The big question: whether new community plans will promote density and larger buildings in places it makes sense (such as near transit) or whether they will clamp down on larger structures, which some activists and residents accuse of causing more traffic.

If work is digital why do we still go to the office? (HBR)

This odd and uncredited photo of a goat exiting a train station accompanies the article. I'm sure the goat would rather be telecommuting from his/her pasture.

This odd and uncredited photo of a goat exiting a train station accompanies the article. I’m sure the goat would rather be telecommuting from his/her pasture.


What early digital commentators missed is that even if we can work from anywhere, that does not mean we want to. We strive for places that allow us to share knowledge, to generate ideas, and to pool talents and perspectives. Human aggregation, friction, and the interaction of our minds are vital aspects of work, especially in the creative industries. And that is why the quality of the physical workplace is becoming more crucial than ever — bringing along watershed changes.

The authors must not have to sit in meetings where people talk just for the sake of talking whilst enjoying the sound of their own voices and alleged wisdom. The article also predicts more dynamic work places where we can work in even closer proximity to colleagues. #barf #pleaseclosemydoor #apeswillrule

Or to put it another way, these authors don’t seem to believe that telecommuting will be reducing traffic any time soon.

MetroCard design ideas sought by New York MTA (amNewYork)

Instead of the swipe-able cards, the MTA looks headed toward using a tappable card and/or smart phones to pay fares.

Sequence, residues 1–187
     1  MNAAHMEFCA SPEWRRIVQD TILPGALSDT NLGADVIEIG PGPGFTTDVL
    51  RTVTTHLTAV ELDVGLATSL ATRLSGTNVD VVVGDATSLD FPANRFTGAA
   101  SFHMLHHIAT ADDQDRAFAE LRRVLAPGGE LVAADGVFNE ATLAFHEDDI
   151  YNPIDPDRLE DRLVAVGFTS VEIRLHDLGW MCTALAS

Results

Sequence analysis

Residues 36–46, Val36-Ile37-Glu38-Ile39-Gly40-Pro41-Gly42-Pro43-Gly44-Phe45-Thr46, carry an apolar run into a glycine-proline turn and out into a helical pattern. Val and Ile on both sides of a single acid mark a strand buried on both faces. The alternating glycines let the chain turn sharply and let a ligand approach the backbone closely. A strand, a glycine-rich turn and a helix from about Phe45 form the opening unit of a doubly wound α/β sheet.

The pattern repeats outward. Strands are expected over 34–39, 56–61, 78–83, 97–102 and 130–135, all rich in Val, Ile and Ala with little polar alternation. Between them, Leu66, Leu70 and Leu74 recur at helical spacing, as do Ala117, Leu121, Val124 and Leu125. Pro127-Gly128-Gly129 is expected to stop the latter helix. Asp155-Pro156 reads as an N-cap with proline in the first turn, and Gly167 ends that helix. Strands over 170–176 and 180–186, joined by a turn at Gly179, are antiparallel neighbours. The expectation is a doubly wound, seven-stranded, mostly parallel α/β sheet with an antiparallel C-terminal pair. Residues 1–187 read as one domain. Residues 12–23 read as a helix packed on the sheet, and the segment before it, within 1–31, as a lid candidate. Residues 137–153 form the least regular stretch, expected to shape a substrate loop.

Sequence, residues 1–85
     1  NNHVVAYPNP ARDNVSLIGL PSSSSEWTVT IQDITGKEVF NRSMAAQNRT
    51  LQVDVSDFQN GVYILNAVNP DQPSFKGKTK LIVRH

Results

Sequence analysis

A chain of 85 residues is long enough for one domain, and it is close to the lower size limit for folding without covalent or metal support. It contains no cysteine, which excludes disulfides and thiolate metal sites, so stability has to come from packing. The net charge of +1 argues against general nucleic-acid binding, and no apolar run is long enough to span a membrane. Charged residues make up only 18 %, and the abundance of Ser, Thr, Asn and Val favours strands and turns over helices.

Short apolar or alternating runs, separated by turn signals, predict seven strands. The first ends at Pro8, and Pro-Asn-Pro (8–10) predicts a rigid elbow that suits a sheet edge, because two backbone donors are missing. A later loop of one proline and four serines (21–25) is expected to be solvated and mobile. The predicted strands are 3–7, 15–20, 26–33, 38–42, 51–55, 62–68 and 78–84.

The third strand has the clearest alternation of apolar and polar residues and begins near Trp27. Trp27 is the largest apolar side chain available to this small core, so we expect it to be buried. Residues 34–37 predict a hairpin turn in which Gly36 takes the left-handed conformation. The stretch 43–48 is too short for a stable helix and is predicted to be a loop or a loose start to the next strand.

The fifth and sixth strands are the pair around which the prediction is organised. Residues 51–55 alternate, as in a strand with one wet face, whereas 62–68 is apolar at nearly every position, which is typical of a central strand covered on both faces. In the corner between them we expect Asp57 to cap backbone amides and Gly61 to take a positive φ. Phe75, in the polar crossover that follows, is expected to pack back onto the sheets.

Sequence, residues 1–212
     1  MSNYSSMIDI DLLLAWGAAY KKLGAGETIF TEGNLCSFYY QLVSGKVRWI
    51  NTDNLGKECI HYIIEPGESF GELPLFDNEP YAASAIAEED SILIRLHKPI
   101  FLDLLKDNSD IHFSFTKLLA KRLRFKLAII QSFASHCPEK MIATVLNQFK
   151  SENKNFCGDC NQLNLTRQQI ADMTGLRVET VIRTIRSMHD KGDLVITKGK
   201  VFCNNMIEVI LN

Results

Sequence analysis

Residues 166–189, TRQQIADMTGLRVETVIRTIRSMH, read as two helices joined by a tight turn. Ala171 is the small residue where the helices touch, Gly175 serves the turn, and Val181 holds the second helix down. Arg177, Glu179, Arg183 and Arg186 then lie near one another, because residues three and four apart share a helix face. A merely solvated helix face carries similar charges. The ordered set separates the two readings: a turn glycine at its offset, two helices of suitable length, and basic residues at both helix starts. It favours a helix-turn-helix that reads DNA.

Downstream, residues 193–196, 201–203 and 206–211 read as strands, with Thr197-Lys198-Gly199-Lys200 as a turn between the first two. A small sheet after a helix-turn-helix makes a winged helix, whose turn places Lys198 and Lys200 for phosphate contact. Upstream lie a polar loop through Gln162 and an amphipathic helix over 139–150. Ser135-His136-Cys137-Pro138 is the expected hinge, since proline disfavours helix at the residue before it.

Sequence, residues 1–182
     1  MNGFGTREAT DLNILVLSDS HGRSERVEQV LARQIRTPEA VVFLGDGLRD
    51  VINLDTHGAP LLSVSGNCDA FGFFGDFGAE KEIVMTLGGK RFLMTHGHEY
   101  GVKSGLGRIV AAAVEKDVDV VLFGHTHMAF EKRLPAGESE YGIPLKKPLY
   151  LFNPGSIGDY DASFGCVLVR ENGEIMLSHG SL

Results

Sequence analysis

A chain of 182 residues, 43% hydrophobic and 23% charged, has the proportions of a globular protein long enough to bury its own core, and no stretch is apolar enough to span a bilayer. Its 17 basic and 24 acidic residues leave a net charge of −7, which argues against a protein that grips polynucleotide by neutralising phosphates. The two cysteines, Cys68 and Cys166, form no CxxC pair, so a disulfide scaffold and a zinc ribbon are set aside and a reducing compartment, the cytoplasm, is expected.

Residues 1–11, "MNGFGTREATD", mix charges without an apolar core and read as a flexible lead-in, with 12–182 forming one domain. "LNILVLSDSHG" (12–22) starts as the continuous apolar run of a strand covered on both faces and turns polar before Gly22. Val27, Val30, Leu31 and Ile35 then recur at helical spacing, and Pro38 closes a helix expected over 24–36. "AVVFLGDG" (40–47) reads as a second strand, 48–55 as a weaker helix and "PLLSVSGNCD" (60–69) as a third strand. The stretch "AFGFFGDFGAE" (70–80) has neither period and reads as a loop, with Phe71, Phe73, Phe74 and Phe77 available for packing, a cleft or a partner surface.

8 replies

  1. Time to bite the bullet; no BRT for the pass on the 405. Subway/rail from the north end of the Valley, tunnel under the pass, all the way to the future LAX transit/people mover hub. Stations co-located at every east/west line.

    If you insist on BRT, use Sepulveda.

    • I couldn’t agree more with Tigershaktoo more!! Absolutely NO BRT in the Sepulveda Pass!! This line doesn’t have to be totally subway, like the Red/Purple lines, but the Sepelveda Pass segment needs to be undergrounded so that it can make the grade properly. Additionally, I feel, that the segment, most likely along Van Nuys Blvd., should be “at grade” and NOT SUBWAY as by being “at grade, it will produce a better ridership. Van Nuys has the space to put light rail down the entire legnth from San Fernando Road all the way to either the Orange Line or Ventura Blvd. over to Sepulveda Blvd. where it could enter a subway somewhere near Ventura Blvd. and then continue on through the Sepulveda Pass stopping somewhere near UCLA, then continuing on with it’s journey and terminating somewhere near the proposed new LAX station.

      • BRT would be the initial project in first 15 years of ballot measure with rail to come in the second 15 years. It’s not one or the other.

        Steve Hymon
        Editor, The Source

      • Steve I agree with 2 comments above. BRT on the 405 is both a waste of time and money; money better spent for a Sepulveda Pass LRT line. Forcing the 405 to become a toll / “Lexus Lanes” freeway is another disaster. The SFV valley should vote no based on those 2 reasons alone.

  2. The problem with Taxi’s are that the drivers are unethical. I left a club in Hollywood at last call and missed the last ride to Koreatown on the subway. I had cash and thought “there are cabs everywhere, so why even summon a lytt if I wouldn’t even have to wait?”. I got in one taxi, told him i’d be going to Wilshire and Western from where we were; Hollywood and Highland. The fare? 20 bucks….!? WTF (WHATA TAXI FARE!)? I got out and thought, i’ll try another. So I did, and the experience was much the same so I appealed this time and said “i’m local, and Wilshire and Western is only five miles from here.” The cab driver looked back and said “You’re probably going to want to take a different ride. I called a lyft, went all the way to my apartment, and the cost was only about 4.50. The distance is only about 3.5 miles, so that was totally reasonable.

    Lyft and Uber have done nothing but taken an unregulated and poor service and improved on it. Had Taxi companies not been so complacent ripping off tourists, they would have found a way to market their service outside of putting business cards on pay phones. Who still uses pay phones anyway? They’ve rendered themselves obsolete and even in a pinch, are still not worth it.

    Los Angeles has never been known for being a yellow cab town, so it really isn’t much of a loss in my opinion.